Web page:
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HOME > SCIENTISTS' NIGHTSTAND

Surviving a Perfect Storm

Fenella Saunders

A review of The Great Extinctions: What Causes Them and How They Shape Life, by Norman MacLeod


“The Sight That Met Us Was Shocking”

Dianne Timblin

A review of Bergen-Belsen 1945: A Medical Student's Journal, by Michael John Hargrave


The Monodromy of Love

Brian Hayes

A review of Love and Math: The Heart of Hidden Reality, by Edward Frenkel


“The Colonel Says”

Corey S. Powell

A review of An Astronaut's Guide to Life on Earth: What Going into Space Taught Me about Ingenuity, Determination, and Being Prepared for Anything, by Chris Hadfield


Keeping the Holmes Fires Burning

Dianne Timblin

A review of The Scientific Sherlock Holmes: Cracking the Case with Science and Forensics, by James O’Brien, and Mastermind: How to Think Like Sherlock Holmes, by Maria Konnikova


How to Best the Beast Within

Jenny Jennings Foerst

A review of THE BOOK OF BARELY IMAGINED BEINGS: A 21st Century Bestiary, by Caspar Henderson


Gridding Gotham

Tim Stallmann

A review of THE MEASURE OF MANHATTAN: The Tumultuous Career and Surprising Legacy of John Randel Jr., Cartographer, Surveyor, Inventor, by Marguerite Holloway


The Organ of Reality

Richard Wiggins

A review of TOUCHING A NERVE: The Self as Brain, by Patricia S. Churchland


The Greatest Show on Earth

Jenny Jennings Foerst

A review of WHAT ON EARTH? 100 of Our Planet’s Most Amazing New Species, by Quentin Wheeler and Sara Pennak


What Makes a Good Scientist?

Katie L. Burke

A review of LETTERS TO A YOUNG SCIENTIST, by Edward O. Wilson


The Life of a Star

Fenella Saunders

A review of STEPHEN HAWKING: Riddles of Time and Space, by Michael Lent and Brian McCarthy, with art by Zach Bassett


The Silver Lining

Fenella Saunders

A review of HIDDEN BEAUTY: Exploring the Aesthetics of Medical Science, by Norman Barker and Christine Iacobuzio-Donahue


States of Incandescence

Harold Green

A review of THE AGE OF EDISON: Electric Light and the Invention of Modern America by Ernest Freeberg


Cetacean Portraits

Fenella Saunders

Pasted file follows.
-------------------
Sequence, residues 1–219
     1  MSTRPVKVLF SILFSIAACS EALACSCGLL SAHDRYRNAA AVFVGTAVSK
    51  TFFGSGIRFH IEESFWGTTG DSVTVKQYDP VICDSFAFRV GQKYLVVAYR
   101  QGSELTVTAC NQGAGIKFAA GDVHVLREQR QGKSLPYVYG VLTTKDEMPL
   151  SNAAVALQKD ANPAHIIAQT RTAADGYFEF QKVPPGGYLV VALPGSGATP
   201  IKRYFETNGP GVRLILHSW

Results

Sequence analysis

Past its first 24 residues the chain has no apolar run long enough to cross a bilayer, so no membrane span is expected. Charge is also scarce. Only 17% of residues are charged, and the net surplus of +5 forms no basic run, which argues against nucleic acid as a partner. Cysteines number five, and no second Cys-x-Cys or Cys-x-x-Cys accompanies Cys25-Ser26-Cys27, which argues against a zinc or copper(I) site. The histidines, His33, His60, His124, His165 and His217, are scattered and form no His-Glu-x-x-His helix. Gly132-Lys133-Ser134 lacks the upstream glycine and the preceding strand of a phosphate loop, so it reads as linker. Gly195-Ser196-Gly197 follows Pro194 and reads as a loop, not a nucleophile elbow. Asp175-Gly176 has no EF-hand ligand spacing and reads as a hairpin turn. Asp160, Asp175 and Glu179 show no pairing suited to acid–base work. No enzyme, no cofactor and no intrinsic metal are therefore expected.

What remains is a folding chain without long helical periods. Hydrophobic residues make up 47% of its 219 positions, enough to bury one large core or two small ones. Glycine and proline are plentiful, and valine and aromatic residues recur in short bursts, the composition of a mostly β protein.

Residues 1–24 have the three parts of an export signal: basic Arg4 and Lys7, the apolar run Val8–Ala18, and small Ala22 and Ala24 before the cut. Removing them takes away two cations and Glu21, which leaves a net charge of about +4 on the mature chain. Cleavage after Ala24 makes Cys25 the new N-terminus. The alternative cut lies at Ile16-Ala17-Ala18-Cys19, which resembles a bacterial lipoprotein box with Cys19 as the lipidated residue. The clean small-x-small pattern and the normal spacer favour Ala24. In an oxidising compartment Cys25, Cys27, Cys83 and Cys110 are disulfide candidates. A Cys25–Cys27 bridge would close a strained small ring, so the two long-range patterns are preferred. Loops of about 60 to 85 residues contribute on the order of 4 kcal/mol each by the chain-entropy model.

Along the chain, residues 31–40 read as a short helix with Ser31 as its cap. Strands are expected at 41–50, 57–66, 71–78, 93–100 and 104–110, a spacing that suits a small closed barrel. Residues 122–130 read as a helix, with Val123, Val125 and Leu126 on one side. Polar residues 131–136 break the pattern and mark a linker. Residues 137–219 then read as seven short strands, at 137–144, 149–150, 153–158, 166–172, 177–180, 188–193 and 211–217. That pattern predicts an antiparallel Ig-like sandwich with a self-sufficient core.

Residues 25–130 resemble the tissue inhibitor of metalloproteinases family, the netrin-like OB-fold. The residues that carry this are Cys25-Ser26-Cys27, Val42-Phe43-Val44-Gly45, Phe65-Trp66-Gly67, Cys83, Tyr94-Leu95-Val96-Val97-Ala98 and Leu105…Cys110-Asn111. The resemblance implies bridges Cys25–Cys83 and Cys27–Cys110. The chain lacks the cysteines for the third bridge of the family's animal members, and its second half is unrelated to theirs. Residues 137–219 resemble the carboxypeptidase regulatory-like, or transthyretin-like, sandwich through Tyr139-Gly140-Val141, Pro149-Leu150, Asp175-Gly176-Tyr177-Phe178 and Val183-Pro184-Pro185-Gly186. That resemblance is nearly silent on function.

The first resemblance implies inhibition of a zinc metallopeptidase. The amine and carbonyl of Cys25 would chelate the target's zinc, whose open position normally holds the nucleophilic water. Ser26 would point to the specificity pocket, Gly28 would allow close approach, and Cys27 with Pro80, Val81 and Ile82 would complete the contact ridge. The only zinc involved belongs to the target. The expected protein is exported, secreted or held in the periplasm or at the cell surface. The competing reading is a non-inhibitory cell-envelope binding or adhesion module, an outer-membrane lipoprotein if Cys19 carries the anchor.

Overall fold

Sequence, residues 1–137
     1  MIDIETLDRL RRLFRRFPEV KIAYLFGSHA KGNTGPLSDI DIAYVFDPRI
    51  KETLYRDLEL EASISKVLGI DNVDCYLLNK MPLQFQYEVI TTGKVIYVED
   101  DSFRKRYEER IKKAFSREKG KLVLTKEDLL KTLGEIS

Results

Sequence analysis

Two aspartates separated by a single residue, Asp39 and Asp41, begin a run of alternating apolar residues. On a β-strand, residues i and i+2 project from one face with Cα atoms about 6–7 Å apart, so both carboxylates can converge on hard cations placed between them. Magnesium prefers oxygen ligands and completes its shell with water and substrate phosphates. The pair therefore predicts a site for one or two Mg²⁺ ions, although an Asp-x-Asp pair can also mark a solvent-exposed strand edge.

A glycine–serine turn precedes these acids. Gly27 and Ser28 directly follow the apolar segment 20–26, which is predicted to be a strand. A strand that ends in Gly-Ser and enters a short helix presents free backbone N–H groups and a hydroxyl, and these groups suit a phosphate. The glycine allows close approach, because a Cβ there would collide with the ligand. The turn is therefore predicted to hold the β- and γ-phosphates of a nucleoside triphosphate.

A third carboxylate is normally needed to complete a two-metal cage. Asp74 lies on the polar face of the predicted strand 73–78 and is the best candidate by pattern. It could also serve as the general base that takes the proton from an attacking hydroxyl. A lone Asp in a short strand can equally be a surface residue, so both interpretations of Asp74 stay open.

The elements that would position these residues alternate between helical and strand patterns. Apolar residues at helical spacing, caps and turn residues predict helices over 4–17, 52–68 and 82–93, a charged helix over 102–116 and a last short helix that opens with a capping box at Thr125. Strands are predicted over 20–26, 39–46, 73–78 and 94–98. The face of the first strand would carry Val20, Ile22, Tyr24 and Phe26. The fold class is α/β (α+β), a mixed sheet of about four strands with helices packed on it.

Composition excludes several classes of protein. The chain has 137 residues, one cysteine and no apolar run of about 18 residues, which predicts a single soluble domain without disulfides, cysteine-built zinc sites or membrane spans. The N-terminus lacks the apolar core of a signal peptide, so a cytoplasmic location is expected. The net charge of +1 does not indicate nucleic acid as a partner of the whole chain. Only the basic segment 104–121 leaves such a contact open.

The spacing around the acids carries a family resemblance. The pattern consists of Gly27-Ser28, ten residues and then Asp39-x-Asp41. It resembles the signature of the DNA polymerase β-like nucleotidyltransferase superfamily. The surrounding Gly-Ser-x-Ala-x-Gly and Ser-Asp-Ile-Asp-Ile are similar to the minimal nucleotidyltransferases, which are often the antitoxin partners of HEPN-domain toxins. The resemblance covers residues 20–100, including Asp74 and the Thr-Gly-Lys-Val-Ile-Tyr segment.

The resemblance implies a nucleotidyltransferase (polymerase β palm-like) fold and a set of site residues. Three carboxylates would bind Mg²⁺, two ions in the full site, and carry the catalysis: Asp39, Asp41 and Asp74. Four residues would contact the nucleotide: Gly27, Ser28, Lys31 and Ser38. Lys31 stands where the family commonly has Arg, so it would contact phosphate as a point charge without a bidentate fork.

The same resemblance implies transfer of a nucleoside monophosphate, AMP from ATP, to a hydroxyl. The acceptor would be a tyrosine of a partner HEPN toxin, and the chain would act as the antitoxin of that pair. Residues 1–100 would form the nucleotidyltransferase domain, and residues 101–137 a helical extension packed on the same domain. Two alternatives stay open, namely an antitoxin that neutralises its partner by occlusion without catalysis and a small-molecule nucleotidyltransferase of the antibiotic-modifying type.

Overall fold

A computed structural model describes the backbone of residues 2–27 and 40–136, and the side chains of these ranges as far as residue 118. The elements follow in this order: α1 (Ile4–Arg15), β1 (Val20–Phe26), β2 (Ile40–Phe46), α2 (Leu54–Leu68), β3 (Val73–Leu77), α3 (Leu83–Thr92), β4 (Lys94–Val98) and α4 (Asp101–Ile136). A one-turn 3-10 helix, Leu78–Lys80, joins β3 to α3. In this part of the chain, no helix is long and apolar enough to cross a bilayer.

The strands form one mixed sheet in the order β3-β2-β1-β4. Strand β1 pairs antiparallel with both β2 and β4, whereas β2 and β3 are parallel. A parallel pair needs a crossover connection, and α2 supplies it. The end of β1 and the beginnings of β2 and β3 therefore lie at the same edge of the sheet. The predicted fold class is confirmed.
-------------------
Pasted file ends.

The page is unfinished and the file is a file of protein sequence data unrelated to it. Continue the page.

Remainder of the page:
A review of BEAUTIFUL WHALE by Bryant Austin


Mind Games

David Schoonmaker

A brief review of A VERY SHORT TOUR OF THE MIND: 21 Short Walks Around the Human Brain by Michael C. Corballis


Time to Evolve

Katie L. Burke

A review of PALEOFANTASY: What Evolution Really Tells Us About Sex, Diet, and How We Live by Marlene Zuk


Editors' Note: Scientists' Nightstand

The Editors

This issue marks the debut of our new, brief and occasional books section


A Life with Whales

Hallie Sessoms

A brief review of Into Great Silence: A Memoir of Discovery and Loss among Vanishing Orcas, by Eva Saulitis


The Sharpest Eye in the Sky

Fenella Saunders

A brief review of Hubble's Universe: Greatest Discoveries and Latest Images, by Terence Dickinson


Two Antarctic Tales

David Schoonmaker

A brief review of em>Antarctica: An Intimate Portrait of a Mysterious Continent, by Gabrielle Walker, and Secrets of the Ice: Antarctica’s Clues to Climate, the Universe, and the Limits of Life, by Veronica Meduna


When the World Went Digital

Fenella Saunders

A review of Turing’s Cathedral: The Origins of the Digital Universe, by George Dyson


A Note from the Editors

After a nearly 70-year run, the Scientists’ Bookshelf will cease publication


Sparring with the Great Geometer

Brian Hayes

A review of The King of Infinite Space: Euclid and His Elements, by David Berlinski. “Berlinski offers a meditative monologue on Euclid’s place in the history of mathematics and the history of ideas,” says Hayes


Crafting a Narrative of Care

Julianne Lutz Warren

A review of On a Farther Shore: The Life and Legacy of Rachel Carson, by William Souder. Souder’s sensitive and thorough biography of Carson, Warren writes, “helps us see her life work as crafting a narrative in which science is used to care for Earth”


A Theory of Theory of Mind

Michael Bérubé

A review of Getting Inside Your head, by Lisa Zunshine. Zunshine employs concepts from cognitive science to explain humans’ appetite for fictional scenes in which characters’ mental states are unintentionally revealed to us. This theory, says Bérubé, is “helpfully specific,” although the effort to extend it over a wide range of scenarios and art forms falls a bit flat


Imperial Imagery

Peter H. Raven

A review of Visible Empire: Botanical Expeditions and Visual Culture in the Hispanic Enlightenment, by Daniela Bleichmar. Naturalists and artists on Spanish expeditions to the New World created thousands of botanical images; this well-researched book explores an archive of them


A Wealth of Complexities

Carol Dorf

A review of Complexities: Women in Mathematics, edited by Bettye Anne Case and Anne M. Leggett, and A Wealth of Numbers: An Anthology of 500 Years of Popular Mathematics Writing, edited by Benjamin Wardhaugh. These two very different anthologies open unique windows on mathematical history


Craniate Obsession

Katie L. Burke

A brief review of Skulls: An Exploration of Alan Dudley’s Curious Collection, by Simon Winchester, with photographs by Nick Mann


The Tinkerers

Fenella Saunders

A brief review of The Tinkerers: The Amateurs, DIYers, and Inventors Who Make America Great, by Alec Foege


The Fraught History of a Watery World

Nancy Langston

A review of The Big Muddy: An Environmental History of the Mississippi and Its Peoples, from Hernando de Soto to Hurricane Katrina, by Christopher Morris. Environmental and social issues converge at the mouth of the Mississippi River: Morris documents a history of repeated attempts to control the river's flow, many made at the expense of African Americans





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